Why That Title? – An Excess Of…

Titles for novels often cause authors difficulty. Ideally, we want to give potential readers clues about content, theme, style, and storyline. Not easy with only a few words available. The best titles become obvious choices once a book’s been read, so this series is largely for those who’ve yet to read the books featured.

Why is this book titled ‘An Excess Of…’?

The novel, an eco-thriller adventure set against the background of climate change, is published by Fantastic Books Publishing. I placed it 10 years into the future to look at potential changes we might be experiencing by then. Some of those changes have already happened.
I’ve known for some years a fundamental cause of the coming emergency is our overconsumption of products and services. Many people still don’t see the climate issue as an emergency, but I’ve been involved with climate change since joining Greenpeace early in the 1980s, I also belong to Friends of the Earth, and follow Carbon Brief, and I regularly gather information from a hundred other sources. I’m convinced by the evidence.
My first concern when writing fiction is the story. I want to entertain, stimulate, inform, and move readers, so I start by creating empathetic characters. Then I let this trusted and known group of new friends take the story to the end I have in mind. Sometimes the dears rebel and take me to a different place, but that’s fine, as long as the story still tells the same tale. Storytelling is the heart of fiction. And speculative fiction often uses story to depict possible imagined futures.
So, for ‘An Excess Of…’ I researched the issues underlying the crisis, invented and got to know my band of characters, and dropped them into a situation where survival was challenging. A shipwreck and their resultant arrival on a desert island provided the tough situation my characters first had to face.
The mix of individuals and their location let me explore the effects of overconsumption from the start. Their ship sank in a storm in the early hours, so they escaped imminent death wearing only night attire. That led to talk about fashion and its excesses. My main protagonist is a photographic model with a PhD. An intelligent, confident, and beautiful woman, often exposed to view, develops strategies to protect herself from exploitation. Common sense and her pragmatic outlook made her into a natural leader on the island. The other characters, mostly men and women with fixed moral views formed through religious affiliations, are less practical but also open to an excess of false hope and expectation.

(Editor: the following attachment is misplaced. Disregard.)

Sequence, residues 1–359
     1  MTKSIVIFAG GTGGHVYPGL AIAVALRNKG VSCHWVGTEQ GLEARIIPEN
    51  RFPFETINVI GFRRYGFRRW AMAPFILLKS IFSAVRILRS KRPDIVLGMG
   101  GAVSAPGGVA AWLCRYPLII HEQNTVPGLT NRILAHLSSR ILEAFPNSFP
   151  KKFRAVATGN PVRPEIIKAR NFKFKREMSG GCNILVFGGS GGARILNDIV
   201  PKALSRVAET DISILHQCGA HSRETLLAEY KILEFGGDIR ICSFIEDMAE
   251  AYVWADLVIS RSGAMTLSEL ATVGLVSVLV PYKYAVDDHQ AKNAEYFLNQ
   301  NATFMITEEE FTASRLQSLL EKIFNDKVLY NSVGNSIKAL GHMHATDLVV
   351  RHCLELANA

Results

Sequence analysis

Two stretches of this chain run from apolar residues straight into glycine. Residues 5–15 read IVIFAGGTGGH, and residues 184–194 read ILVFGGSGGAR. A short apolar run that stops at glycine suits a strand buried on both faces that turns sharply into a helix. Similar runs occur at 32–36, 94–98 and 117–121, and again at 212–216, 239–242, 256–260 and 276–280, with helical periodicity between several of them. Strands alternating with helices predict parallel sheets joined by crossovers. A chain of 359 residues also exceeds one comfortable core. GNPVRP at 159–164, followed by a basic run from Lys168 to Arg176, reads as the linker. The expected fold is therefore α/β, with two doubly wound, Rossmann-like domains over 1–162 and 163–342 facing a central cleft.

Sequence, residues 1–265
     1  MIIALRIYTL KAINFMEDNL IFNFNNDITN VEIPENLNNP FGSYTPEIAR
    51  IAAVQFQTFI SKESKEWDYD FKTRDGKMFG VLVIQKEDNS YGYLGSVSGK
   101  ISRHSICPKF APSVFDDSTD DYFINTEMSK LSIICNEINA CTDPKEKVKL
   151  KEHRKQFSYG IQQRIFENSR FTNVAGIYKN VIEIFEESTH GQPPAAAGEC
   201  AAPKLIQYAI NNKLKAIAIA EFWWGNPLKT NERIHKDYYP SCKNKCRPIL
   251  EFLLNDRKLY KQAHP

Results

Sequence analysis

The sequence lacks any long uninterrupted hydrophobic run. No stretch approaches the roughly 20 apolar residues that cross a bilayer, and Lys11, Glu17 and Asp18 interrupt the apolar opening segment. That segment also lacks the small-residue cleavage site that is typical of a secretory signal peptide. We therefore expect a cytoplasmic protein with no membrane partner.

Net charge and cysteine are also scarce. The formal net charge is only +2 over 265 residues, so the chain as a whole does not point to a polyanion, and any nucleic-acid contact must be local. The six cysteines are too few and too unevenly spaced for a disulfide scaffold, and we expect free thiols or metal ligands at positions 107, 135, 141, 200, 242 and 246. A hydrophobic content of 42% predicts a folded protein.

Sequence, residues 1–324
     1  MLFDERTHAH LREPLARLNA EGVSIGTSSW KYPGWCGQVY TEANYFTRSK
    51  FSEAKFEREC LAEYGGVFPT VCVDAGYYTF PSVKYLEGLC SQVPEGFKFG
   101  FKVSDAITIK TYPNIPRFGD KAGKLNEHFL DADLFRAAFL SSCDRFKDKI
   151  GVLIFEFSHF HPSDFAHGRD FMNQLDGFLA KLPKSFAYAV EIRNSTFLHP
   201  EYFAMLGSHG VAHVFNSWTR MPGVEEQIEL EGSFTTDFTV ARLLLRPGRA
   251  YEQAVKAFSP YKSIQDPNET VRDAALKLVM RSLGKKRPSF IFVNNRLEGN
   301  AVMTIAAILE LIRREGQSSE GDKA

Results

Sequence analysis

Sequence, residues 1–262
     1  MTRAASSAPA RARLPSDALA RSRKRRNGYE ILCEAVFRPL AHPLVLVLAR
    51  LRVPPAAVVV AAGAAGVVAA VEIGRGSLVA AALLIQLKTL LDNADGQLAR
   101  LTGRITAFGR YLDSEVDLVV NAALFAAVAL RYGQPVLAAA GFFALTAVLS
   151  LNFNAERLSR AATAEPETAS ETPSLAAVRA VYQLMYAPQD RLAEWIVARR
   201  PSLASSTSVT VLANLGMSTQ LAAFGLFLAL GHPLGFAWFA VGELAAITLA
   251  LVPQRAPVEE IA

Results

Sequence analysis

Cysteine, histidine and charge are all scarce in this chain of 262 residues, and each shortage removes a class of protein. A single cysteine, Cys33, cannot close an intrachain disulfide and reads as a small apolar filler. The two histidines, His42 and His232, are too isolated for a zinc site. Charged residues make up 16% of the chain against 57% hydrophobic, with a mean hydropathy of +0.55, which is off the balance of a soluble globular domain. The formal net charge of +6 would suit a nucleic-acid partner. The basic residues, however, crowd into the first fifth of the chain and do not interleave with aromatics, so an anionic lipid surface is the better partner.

Excess is the root of our current emergency. Overpopulation by humanity, often driven by culture and/or poverty; overconsumption of resources, mainly driven by the capitalist tenet of constant growth underlying the world’s financial systems; overuse of fossil fuels, generally motivated by the perceived need for speed and status, and encouraged by a fossil fuel industry well aware of the destructive nature of their products for decades; and, perhaps most notably, an extraordinary amount of complacency by billions of citizens but especially displayed by most politicians and the CEOs of industry and commerce, are just a few of these many excesses. And these are all alluded to in conversations on the island, among serious conflicts, petty squabbles, fights for food and shelter, developing relationships, desire and passion, and dreams of a return to civilisation. Hence, ‘An Excess Of…’.
If I’ve aroused your curiosity, you’ll find a little more detail here. But if you’re intrigued enough to plunge into reading the book straight away, you’ll find it here. Enjoy! And if you do, please consider writing a brief review so other potential readers have an idea of what you think. Thank you.